Monday 14 October, 2019

John E Sabga Foundation calls for more attention to pancreatic cancer

Photo courtesy

Photo courtesy

On World Pancreatic Cancer Day on November 15, people around the world will rally together to Demand Better in the fight against pancreatic cancer, starting with awareness of the symptoms and risks.

The annual one-day campaign is an initiative of the World Pancreatic Cancer Coalition consisting of more than 70 organizations from 30 countries on six continents.
The John E Sabga Foundation issued a statement on Wednesday noting that every day, more than 1,250 people worldwide will be diagnosed with pancreatic cancer, and an estimated 1,180 will die from the disease.

Pancreatic cancer has the lowest survival rate among all major cancers, and in nearly every country, is the only major cancer with a single digit five-year survival rate (2-9 percent).

The Foundation notes that these chilling figures are not merely statistics as they represent family members, friends and colleagues across the globe.

World Pancreatic Coalition Chair, Julie Fleshman, says she hopes that with proper marketing, awareness of pancreatic cancer symptoms is achieved.

 “The symptoms and risks of pancreatic cancer can be vague and are poorly understood, which is why it’s so important to recognize the warning signs. Initiatives like World Pancreatic Cancer Day allow us to demand better for patients and bring greater attention, awareness and, ultimately, better outcomes, to this deadly disease.”

 Knowing the symptoms and risks remains key to an early diagnosis. There is currently no screening test or early detection method for pancreatic cancer, though research is being conducted in these areas. It is also critical that those who may see signs or symptoms of pancreatic cancer listen to their bodies, seek medical attention and when talking to their healthcare provider, mention pancreatic cancer.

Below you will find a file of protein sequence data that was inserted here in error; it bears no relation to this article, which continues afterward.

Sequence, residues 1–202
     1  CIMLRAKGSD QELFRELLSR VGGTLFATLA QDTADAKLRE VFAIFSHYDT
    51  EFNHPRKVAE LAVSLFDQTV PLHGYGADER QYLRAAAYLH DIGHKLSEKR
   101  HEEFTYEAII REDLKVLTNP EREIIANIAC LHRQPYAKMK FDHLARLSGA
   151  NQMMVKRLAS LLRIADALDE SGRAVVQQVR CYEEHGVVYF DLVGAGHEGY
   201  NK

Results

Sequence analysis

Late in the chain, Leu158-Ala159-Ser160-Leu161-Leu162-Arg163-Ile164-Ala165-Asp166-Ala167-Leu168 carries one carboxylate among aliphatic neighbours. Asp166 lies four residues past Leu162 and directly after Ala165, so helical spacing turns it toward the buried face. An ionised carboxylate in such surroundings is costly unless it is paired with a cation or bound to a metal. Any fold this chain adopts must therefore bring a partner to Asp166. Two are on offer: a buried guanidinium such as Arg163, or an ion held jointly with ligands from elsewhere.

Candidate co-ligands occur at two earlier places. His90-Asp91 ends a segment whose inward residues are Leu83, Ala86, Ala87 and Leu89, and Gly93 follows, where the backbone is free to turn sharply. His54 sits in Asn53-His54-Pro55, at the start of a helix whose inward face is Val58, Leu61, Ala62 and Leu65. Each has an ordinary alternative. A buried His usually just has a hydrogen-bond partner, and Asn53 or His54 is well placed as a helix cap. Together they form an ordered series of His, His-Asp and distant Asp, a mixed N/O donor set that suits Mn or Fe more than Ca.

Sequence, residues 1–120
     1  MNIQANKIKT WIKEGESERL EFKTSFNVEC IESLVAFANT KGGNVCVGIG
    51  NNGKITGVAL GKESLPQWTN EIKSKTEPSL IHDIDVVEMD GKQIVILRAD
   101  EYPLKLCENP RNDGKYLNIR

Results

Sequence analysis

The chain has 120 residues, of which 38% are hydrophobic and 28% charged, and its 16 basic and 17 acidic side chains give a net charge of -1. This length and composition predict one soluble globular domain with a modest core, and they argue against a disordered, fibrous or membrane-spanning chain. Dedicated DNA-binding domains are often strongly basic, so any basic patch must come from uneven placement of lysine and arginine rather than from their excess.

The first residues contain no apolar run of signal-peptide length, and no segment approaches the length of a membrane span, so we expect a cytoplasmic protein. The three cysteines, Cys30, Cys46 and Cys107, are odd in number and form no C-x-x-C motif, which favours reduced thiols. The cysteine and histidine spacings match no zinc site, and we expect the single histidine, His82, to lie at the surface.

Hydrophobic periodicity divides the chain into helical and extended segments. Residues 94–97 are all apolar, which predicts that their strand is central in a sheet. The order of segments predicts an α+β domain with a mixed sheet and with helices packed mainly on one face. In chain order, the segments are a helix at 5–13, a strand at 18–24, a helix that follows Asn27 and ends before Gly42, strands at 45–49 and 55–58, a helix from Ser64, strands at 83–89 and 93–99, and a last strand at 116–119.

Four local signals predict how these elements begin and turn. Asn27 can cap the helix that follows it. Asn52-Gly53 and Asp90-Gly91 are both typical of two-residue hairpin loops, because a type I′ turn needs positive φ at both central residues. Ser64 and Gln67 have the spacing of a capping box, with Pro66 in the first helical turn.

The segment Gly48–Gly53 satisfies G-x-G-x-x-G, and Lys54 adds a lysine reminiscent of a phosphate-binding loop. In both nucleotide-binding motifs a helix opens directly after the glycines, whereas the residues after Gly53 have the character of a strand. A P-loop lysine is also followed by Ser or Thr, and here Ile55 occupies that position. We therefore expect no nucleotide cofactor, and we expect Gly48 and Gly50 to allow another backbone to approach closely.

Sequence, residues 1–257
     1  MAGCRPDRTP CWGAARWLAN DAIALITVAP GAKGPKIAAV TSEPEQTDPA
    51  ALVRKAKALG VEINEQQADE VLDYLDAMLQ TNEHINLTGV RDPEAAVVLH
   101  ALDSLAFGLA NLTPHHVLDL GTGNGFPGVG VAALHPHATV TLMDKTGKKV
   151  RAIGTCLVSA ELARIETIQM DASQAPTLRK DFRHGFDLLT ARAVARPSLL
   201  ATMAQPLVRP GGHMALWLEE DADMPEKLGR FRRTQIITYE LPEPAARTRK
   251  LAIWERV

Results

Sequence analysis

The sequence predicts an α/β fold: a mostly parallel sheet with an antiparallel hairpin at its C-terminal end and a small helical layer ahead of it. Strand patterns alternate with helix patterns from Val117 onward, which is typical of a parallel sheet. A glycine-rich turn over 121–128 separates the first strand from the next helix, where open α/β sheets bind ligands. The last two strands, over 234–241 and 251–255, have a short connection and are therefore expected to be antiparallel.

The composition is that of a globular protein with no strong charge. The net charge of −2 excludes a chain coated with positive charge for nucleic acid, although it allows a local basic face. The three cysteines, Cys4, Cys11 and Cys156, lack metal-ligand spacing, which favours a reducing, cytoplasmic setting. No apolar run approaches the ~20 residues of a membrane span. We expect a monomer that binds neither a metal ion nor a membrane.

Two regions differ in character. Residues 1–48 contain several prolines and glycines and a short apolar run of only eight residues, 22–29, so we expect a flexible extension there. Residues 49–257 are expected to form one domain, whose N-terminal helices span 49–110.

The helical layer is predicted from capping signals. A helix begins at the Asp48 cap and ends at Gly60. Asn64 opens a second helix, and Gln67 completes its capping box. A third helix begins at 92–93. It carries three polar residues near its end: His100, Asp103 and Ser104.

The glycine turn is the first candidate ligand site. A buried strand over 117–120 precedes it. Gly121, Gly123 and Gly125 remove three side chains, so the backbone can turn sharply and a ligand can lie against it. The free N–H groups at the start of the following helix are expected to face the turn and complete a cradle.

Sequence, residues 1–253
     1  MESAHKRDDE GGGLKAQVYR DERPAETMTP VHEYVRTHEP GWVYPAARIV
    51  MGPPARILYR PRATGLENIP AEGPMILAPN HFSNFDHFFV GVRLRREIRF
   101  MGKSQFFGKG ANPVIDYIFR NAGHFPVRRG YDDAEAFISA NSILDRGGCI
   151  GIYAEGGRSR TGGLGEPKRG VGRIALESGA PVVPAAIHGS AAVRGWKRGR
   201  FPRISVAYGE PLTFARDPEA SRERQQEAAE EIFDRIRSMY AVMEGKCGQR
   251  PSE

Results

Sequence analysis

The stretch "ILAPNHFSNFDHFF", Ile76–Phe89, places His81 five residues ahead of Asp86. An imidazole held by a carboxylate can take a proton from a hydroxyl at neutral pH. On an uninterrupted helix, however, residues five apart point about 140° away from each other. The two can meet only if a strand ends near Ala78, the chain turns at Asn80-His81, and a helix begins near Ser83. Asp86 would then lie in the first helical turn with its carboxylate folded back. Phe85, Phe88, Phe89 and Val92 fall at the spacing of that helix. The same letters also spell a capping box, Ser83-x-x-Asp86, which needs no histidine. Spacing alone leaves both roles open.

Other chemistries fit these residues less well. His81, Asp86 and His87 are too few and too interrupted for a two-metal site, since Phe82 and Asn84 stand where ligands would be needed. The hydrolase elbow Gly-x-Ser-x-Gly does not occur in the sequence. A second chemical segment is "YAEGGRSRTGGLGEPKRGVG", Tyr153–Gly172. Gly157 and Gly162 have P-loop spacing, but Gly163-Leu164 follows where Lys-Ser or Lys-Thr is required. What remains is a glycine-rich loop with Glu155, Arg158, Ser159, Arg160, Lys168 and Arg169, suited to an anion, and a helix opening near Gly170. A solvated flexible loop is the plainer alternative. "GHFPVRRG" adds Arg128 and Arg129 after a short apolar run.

Research shows that patients diagnosed in time for surgery are more likely to live five years and beyond. World Pancreatic Cancer Day chair, Ali Stunt said as an 11-year survivor of pancreatic cancer, he is living proof that knowing the symptoms of pancreatic cancer and listening to your body can save your life.

 “No matter what country you live in or language you speak, you must advocate for your health and take action immediately if you have symptoms that are not normal for you and you think they may be signs of pancreatic cancer.”

This year, the Coalition invites the global community to take action to raise awareness of this deadly disease by:

“Recognising the symptoms. Seventy-one per cent of people will die within the first year. That is just not fair. We have to act quickly. We have to make purple the new pink…We owe it to our loved ones and those battling this disease to wage war on their behalf and knock that pink ribbon to second place on the finish line. Unless you journey with a loved one through this disease…or any cancer for that matter…You have no clue of how horrible this disease is. We must demand better patient care”, Natalie Sabga Founder JESF

• Understanding the symptoms and risks of this disease. Visit for information on pancreatic cancer and shareable graphics

 • Spreading the word and sharing the educational materials to help inform family, friends, co-workers and social media followers about the symptoms and risks and what to do to support earlier diagnosis

• Following the Coalition on social media: Twitter/Instagram: @WorldPancreatic o Facebook: @WorldPancreaticCancerDay

• Temporarily changing your Facebook or Instagram profile picture to support World Pancreatic Cancer Day and using the hashtags #WPCD, #DemandBetter and #PancreaticCancer

• Wearing purple on World Pancreatic Cancer Day (Thursday, Nov 15)

• Lighting buildings, monuments or homes purple

• Asking your public officials to support more government funding of pancreatic cancer research

• On November the 16th JESF and John Thomas productions will host the Gala of Believe the Musical at NAPA 7:00 PM and cocktail reception; $500.00 per ticket; proceeds to JESF continued support of Cancer research and support of patients in Trinidad and Tobago

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